This article originally appeared in The Good Men Project on May 16, 2017.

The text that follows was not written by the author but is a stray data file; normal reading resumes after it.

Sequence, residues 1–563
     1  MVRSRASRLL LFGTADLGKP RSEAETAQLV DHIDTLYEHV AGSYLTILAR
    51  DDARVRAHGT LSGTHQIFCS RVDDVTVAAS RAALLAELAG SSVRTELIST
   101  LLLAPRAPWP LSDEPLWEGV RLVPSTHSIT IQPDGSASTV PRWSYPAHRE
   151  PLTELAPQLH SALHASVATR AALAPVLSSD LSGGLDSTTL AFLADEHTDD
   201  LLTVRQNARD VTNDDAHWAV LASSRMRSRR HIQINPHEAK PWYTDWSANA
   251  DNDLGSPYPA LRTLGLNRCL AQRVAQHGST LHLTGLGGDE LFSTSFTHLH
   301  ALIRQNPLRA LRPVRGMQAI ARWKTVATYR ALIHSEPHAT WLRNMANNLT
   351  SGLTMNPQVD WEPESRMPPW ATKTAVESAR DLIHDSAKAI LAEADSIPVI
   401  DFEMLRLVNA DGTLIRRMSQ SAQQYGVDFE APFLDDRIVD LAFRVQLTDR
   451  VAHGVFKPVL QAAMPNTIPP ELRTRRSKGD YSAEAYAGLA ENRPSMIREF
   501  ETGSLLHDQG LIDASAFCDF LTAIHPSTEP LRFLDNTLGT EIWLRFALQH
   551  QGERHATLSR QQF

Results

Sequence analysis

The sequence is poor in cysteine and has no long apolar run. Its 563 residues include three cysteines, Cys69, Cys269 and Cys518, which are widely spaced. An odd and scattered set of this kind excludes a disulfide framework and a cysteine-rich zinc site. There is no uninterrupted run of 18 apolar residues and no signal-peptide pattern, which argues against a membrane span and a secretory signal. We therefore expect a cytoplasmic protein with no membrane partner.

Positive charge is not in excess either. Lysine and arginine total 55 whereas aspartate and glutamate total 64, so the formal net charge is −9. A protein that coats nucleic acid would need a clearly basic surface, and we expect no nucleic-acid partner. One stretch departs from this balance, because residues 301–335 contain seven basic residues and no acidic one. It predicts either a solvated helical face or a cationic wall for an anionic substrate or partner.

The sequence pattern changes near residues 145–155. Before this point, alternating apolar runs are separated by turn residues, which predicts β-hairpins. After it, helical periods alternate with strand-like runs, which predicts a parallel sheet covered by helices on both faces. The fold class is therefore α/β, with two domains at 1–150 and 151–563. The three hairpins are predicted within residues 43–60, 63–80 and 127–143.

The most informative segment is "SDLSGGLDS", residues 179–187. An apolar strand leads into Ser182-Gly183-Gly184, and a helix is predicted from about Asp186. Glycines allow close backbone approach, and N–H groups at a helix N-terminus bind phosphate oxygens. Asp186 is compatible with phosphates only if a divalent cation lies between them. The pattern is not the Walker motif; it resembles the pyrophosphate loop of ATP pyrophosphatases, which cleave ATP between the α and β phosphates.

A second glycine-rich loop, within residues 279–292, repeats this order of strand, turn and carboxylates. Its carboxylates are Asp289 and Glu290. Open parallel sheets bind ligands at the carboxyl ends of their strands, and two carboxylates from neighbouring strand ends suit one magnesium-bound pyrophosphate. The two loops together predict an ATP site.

I recently had a conversation with someone and the subject naturally turned to our children. When I said that I had one child with special needs and two other children, whom we adopted from another country, who needed extra time and attention to catch up on basic educational skills, his first words were “I feel so sorry for you.” Why I said. “Because of your poor luck,” he replied. I told him the same thing that I am telling you. Don’t feel sorry for me, my kids are doing just fine. Continue reading “Don’t Feel Sorry for Me”